A Ripper finale, but gone far too soon; Nathan Bevan Words in here in here in.
ITS first series started back last December with a bare-knuckle boxing match and its second ended last week with another equally bloody bout of fisticuffs.
But, while the gloves stayed on this time around, Ripper Street still relished not pulling its punches - Jerome Flynn's bruising Sgt Drake knocking lumps out of his nemesis, wax-moustached crooked Limehouse police inspector Jedediah Shine. The big baddy in this BBC Victorian crime drama, Shine stole his chops (mutton or otherwise) from Daniel Day-Lewis' visceral portrayal of 19th-century NYC proto-gangster Bill The Butcher.
Shine's period plod waved his "boo-hiss" credentials like a semaphore operator after too many Red Bulls.
Not only did he gleefully garotte anyone who dared get in the way of his grubby little operation, he even killed The Elephant Man.
What do you mean, "Which Elephant Man?" THAT Elephant Man. How many do you know, exactly? But even though the real-life character of Joseph Merrick popped up out of the blue to play an amateur crime fighter throughout Ripper Street's sophomore season it wasn't as much of a "jump the shark" moment as you might think, given the programme's Big Ben-sized improbability factor thus far.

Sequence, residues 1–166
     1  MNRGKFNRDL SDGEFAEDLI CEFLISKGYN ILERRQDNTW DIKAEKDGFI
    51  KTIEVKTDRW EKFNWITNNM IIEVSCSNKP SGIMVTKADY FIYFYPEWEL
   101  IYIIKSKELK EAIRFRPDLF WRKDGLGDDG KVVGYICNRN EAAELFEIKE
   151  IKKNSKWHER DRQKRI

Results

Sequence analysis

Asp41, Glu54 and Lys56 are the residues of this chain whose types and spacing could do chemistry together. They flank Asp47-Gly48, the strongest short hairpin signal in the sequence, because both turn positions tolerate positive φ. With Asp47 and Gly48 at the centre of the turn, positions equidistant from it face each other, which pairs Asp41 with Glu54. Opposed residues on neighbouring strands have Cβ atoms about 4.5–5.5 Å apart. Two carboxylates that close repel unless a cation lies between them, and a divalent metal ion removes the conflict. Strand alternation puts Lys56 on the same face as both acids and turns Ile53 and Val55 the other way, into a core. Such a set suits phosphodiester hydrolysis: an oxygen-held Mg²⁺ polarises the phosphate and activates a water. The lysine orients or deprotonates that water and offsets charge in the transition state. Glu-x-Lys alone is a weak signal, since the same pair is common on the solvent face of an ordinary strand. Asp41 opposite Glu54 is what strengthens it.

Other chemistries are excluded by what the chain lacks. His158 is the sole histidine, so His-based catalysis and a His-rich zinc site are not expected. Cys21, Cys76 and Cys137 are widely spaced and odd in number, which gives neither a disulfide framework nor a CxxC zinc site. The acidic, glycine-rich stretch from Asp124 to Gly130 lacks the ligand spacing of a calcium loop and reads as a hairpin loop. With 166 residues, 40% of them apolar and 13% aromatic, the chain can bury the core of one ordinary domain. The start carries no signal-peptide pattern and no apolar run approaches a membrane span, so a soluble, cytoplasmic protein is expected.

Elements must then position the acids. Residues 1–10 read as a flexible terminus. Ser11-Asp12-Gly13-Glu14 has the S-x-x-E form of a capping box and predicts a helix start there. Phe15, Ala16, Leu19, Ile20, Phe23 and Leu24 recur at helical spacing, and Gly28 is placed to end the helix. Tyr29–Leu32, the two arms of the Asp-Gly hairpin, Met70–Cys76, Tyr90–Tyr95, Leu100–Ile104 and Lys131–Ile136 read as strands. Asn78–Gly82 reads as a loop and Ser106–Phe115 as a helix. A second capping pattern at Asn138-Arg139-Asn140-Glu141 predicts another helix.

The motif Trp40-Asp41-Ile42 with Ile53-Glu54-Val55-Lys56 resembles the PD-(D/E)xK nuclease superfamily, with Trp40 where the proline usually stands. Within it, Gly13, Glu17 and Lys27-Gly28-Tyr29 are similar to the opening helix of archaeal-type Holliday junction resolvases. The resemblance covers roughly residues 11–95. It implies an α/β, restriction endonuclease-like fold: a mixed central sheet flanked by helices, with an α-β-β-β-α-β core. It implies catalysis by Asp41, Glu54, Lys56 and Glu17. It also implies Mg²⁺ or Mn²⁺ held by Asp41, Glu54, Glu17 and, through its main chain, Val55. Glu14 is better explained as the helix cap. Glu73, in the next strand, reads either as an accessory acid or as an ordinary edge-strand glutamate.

For instance, who could forget the scene in the previous series in which a young bobby, buried under a mountain of paperwork, bemoans his desk-bound lot, only to be reassured by his senior officer that "one day there will be gleaming machines that will perhaps make light work of such process" - thereby predicting the onset of the digital age as far back as 1889.
So the sight of Merrick loping around the set spluttering things like: "I am not a plot contrivance, I am a HUMAN BEING" didn't seem so bad, until Shine suffocated him in his bed for having spied him committing a previous murder.
However, Ripper Street's biggest achievement was the development of its characters, the pugilistic Drake coming to renounce his role as attack dog for prim and proper Detective Inspector Edmund Reid (Matthew MacFadyen) who, come his team's climactic showdown with Shine, had found his own soul had become just as tainted by the horrors to which their job had exposed them.
"Kill him, KILL him!" he yelled from the ringside, urging Drake to land the fatal final punch to his adversary's noggin.
But, having already lost his wife and the will to uphold the law by whatever force necessary, Drake backed away.
"Each lip I've fattened or head I've beaten against steel bars on your bidding, it's only caused those close to us to suffer," he sighed. "Life, Mr Reid, is offended by you and me."
And with that Ripper Street was gone for ever, cancelled by the Beeb because it lost in the ratings war against ITV reality behemoth I'm A Celebrity ...Get Me Out Of Here.
A lot of loose ends were left hanging and many viewers, myself included, couldn't help but feel they'd been robbed of the tantalisingly even darker course the show had looked set to chart.
And, even for a drama oft criticised for being too bloody and violent, that was the unkindest cut of all.
Jerome Flynn, Matthew Macfadyen and Adam Rotherenberg in Ripper Street